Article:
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Why some people can tolerate the world's hottest pepper

Why some people can tolerate the world’s hottest pepper

Genetic and socio-cultural factors chip in to protect us from the burn — well some of us

By | Posted December 19, 2016

A three-parent baby? Not really.

A three-parent baby? Not really.

A new fertility procedure, banned in the U.S., offers hope to couples with mitochondrial disease

By | Posted December 12, 2016

Majestic birds or rats with wings?

Majestic birds or rats with wings?

The ubiquitous city pigeon may not deserve its bad reputation

By | Posted November 25, 2016

The inner lives of fish

The inner lives of fish

If fish feel pain and pleasure, what should we do?

By | Posted November 7, 2016

Fishing for DNA

Fishing for DNA

A genetic technique offers new perspective on life in New York City’s rivers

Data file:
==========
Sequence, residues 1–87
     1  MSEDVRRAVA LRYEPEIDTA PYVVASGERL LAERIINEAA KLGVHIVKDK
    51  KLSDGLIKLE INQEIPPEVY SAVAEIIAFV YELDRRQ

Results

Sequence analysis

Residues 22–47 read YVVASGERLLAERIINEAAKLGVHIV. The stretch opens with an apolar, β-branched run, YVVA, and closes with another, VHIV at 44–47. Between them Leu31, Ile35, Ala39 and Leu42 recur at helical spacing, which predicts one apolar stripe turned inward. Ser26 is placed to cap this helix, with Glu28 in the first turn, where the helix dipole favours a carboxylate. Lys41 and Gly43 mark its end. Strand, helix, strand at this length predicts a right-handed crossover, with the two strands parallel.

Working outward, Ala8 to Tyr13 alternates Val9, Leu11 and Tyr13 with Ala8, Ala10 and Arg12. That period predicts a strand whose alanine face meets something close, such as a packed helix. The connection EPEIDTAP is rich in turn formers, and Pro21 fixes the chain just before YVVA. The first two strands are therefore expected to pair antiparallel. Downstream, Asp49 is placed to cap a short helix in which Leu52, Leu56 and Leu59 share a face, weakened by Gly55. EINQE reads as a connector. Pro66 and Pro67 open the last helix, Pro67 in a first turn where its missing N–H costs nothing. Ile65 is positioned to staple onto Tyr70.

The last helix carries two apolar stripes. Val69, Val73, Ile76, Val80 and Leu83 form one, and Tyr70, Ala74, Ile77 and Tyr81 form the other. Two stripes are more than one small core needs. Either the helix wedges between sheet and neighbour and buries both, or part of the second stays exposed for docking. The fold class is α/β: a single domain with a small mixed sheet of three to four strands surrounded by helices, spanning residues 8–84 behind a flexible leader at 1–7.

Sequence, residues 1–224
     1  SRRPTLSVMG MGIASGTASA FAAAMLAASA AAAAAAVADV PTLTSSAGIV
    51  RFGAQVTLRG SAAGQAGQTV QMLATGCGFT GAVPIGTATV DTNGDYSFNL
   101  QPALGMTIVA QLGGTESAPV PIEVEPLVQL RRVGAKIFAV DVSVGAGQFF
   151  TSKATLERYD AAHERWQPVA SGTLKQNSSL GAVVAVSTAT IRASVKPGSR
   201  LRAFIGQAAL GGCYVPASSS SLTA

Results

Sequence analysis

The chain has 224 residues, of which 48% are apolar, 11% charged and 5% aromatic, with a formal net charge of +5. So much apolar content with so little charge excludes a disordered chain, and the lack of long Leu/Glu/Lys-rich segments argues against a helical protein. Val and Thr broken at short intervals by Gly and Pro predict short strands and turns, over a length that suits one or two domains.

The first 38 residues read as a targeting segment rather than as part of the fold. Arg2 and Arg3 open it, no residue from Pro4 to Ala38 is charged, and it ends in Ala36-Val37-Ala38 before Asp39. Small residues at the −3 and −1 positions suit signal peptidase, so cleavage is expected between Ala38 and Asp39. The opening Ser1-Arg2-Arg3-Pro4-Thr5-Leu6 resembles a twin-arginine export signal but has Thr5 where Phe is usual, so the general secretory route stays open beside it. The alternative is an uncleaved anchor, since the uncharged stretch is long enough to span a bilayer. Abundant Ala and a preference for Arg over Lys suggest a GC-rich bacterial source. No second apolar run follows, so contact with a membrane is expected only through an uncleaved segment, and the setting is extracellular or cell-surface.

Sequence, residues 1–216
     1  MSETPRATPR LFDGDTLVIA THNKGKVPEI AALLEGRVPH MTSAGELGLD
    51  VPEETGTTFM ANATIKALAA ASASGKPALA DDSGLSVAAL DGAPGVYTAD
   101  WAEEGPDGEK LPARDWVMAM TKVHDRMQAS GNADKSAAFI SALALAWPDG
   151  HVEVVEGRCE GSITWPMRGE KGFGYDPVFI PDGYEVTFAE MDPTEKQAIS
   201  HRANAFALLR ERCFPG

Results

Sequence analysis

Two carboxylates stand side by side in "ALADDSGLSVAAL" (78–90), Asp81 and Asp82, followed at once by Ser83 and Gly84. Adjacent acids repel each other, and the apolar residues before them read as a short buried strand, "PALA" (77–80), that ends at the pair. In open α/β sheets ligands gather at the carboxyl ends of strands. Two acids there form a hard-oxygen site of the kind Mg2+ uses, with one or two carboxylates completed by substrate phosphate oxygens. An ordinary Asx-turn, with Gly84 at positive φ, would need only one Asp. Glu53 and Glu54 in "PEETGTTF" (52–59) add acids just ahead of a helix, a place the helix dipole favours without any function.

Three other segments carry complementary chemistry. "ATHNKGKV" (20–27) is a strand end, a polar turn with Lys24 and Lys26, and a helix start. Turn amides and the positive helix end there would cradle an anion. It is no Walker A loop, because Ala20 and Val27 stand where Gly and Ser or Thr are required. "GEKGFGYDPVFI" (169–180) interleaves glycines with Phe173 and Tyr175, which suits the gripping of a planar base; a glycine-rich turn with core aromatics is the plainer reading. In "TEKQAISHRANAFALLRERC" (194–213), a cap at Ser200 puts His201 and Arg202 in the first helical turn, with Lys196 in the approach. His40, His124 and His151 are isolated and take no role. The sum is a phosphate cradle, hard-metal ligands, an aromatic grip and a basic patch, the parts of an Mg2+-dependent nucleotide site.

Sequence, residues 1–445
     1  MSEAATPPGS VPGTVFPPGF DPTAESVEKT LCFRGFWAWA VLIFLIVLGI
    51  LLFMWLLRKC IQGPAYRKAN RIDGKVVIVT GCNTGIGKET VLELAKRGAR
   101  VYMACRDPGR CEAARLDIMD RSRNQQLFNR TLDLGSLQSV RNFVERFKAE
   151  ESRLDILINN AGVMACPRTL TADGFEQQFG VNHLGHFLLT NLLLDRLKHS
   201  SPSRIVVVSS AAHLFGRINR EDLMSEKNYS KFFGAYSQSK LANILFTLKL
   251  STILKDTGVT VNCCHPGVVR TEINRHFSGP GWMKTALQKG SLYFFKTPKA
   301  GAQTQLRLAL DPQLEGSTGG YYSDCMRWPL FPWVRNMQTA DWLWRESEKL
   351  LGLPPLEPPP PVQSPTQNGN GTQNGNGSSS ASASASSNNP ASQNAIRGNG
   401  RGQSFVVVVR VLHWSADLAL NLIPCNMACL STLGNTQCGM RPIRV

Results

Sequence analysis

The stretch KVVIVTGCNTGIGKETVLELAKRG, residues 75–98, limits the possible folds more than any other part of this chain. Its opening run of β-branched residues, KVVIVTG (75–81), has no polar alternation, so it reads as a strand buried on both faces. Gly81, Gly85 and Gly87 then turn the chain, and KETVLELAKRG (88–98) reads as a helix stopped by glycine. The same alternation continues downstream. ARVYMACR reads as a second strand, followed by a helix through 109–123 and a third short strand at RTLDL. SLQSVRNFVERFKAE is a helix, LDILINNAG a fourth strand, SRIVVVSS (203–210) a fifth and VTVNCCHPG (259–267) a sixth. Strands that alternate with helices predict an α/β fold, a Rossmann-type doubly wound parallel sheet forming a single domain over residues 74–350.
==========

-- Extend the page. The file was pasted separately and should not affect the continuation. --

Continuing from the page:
By | Posted August 1, 2016

The original ant farms

The original ant farms

The remarkable leafcutter ant is spurring some wild ideas about agriculture, medicine and the nature of ecosystems

By | Posted July 6, 2016

Why does whiskey feel like it burns?

Why does whiskey feel like it burns?

The science behind alcohol’s heat

By | Posted April 27, 2016

cancer cells under a microscope

What is cancer?

How one cell transforms into a disease

By | Posted March 9, 2016

human eye

Your eyes are subatomic particle detectors

How your body turns light into electricity, and then into images

By | Posted February 24, 2016

Blame it on the moon

Blame it on the moon

The super blood moon reminds us not to fall for correlations and confirmation biases

By | Posted October 1, 2015

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